Small battle turns into nationwide attraction
Published 12:00 am Sunday, April 13, 2003
Mike Reynolds was anything but a Civil War buff when he helped launch the annual Battle of Selma re-enactment back in 1986.
Like many casual observers, Reynolds was surprised to learn that it’s not uncommon to find re-enactors who in real life are successful lawyers, doctors and other professionals. They just happen to share a common passion for bringing history to life.
Reynolds says his initial interest in the project had nothing to do with history. He was merely trying to generate a few tourism dollars for the city.
The Battle of Selma was the brainchild of the local Kiwanis Club. Reynolds and his fellow Kiwanians thought hosting an annual re-enactment would be a good civic project and might even draw a few tourists to the city.
It succeeded beyond their wildest expectations.
So much so that last year the Kiwanis Club handed oversight of the battle, which takes place April 24-27, to the Battle of Selma Authority, a quasi-official board that coordinates the countless details that go into making for a successful weekend.
Those efforts have earned national recognition for the city. A report in U.S. News and World Report magazine rated the Battle of Selma as one of the top four re-enactment events in the country.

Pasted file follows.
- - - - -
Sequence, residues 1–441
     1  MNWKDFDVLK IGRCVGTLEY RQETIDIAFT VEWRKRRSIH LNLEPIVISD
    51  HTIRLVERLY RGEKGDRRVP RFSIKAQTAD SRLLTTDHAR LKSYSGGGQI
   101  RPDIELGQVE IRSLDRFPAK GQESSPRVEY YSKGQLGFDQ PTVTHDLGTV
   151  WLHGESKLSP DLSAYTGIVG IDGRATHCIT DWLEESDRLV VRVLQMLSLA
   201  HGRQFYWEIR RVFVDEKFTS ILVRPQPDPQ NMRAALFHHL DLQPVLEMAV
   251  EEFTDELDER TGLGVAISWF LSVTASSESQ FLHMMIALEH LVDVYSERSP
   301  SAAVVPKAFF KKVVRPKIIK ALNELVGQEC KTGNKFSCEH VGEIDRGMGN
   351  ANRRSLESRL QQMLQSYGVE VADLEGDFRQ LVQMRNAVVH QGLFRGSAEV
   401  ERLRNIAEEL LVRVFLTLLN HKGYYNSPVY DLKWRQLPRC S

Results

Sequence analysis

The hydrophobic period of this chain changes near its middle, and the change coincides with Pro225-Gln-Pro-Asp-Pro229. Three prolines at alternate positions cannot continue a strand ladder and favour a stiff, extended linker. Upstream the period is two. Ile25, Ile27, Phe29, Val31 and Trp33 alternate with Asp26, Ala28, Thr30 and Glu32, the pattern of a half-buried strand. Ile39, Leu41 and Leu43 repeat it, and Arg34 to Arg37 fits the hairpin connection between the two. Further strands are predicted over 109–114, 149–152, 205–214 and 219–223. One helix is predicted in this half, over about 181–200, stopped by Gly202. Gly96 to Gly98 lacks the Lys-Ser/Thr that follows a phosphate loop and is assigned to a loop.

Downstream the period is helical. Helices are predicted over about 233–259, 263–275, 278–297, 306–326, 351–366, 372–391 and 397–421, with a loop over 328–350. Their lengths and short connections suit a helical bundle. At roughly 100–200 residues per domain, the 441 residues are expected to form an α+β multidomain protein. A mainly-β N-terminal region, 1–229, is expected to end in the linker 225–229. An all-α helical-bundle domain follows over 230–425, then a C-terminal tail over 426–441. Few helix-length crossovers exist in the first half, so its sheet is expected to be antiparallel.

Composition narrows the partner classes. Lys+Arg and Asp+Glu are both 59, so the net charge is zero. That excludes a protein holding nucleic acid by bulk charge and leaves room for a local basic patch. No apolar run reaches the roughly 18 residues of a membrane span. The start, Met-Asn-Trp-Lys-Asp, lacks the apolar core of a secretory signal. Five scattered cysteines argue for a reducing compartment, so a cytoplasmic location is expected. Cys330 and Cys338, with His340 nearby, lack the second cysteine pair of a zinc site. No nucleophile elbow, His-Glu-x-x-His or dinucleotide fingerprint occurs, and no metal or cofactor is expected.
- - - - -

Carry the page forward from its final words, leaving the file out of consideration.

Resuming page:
The battle has also become one of the city’s top tourist attractions. Reynolds estimates that the battle attracts 700 to 800 re-enactors and their families each year. The event is also expected to draw thousands of tourists over four days.
In addition, more than 3,000 students from around the state visit the battle site during school days.
That translates into a significant impact on the city’s economy. &uot;We like to say that with the rollover effect it’s a million-dollar weekend for the city,&uot; Reynolds says.
One of the reasons Selma is so popular, according to Reynolds, is because of the re-enactment ball that’s part of the festivities.
Another intriguing aspect of the ball are the &uot;hedgies&uot; &045;&045; local residents who don’t actually attend the gala festivities but who peep through the hedges surrounding the grounds of Sturdivant Hall, where the ball is held each year.
Observes Reynolds, &uot;We’ve had some interesting events take place in the hedge over the years, as you can imagine.&uot;
Although the Kiwanis Club no longer oversees preparations for the battle, Reynolds and many of the other members still lend a hand.